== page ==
At its core, philanthropy is about finding and addressing patterns.
Really, most things are. Philanthropy in particular centers around taking a deep dive into societal ills, finding populations affected by some sort of problem, and figuring out how to best address that problem. It’s easy to think of philanthropic efforts as throwing money at an issue, but in order for this to be effective, organizations have to figure out the best use for any capital they raise.
Even so, the analytics used by nonprofits can’t cover the possibility of every need. Therefore, organizations that are well-suited to respond to the needs of others are at a premium in the philanthropic sphere. The good news is that new technology can help discover the best uses of nonprofit time and effort.
However, this isn’t just an effort that can be undertaken by a single organization. Artificial intelligence (AI) is revolutionizing the way that other industries conduct operations and high-level strategy. For nonprofits, AI can help quantify feedback to determine where help is needed the most. This all falls under the umbrella of a larger “feedback movement” in which organizations reevaluate where their efforts are focused and whether they’re adequately serving their communities.
There’s a lot of rhetoric about the costs and benefits of artificial intelligence, but even the most technology-shy organizations can make use of the data it provides. The mission of optimizing for areas of the most need is already an established goal of the nonprofit community, and AI is another tool in the sector’s arsenal.
So what does using this data look like? In order for this new technology to work to its fullest, it must be shared. Collaboration between nonprofits gives AI access to as much data as possible and allows it to determine the underlying patterns of need in underserved communities. Examining new methods for collecting and sharing information between nonprofits will be the first step toward building more responsive organizations.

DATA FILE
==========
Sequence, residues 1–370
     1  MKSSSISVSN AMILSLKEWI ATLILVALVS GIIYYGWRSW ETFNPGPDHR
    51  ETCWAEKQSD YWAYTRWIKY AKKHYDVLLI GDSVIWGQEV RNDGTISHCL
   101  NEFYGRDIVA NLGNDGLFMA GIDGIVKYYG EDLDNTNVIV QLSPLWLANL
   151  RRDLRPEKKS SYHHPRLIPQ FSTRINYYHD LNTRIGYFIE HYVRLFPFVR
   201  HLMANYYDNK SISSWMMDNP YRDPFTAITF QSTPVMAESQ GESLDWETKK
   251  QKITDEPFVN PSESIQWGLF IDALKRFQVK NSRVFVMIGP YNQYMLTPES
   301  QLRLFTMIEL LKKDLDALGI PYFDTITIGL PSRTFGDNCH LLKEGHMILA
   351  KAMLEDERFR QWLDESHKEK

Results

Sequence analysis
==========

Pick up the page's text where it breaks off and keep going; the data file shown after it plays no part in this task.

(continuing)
A big part of these initiatives has to be community feedback—self-reporting is not adequate to gain accurate insight. Nonprofits can encourage honest feedback by establishing open and anonymous communications channels where others can report on the quality and scope of their work.
Once data is collected and analyzed, it can reveal some surprising things about nonprofits. Outside of determining the broad strokes of satisfaction, a well-constructed survey can provide valuable insight into areas that might not be relevant to members of a community. That said, there are many ways that artificial intelligence can be maligned that should not be ignored. Used blindly and without face-to-face collaboration, organizations might experience a disconnect between themselves and their communities. AI has also drawn controversy for introducing bias into data, another factor that anybody using it should critically evaluate.
Even so, AI is a tool that can be leveraged for good. When the dream of any nonprofit is to make a meaningful impact, any method of learning the desires of a particular group of people is invaluable. It’s not a replacement for feedback, but it can make voices heard and foster better ways to give back.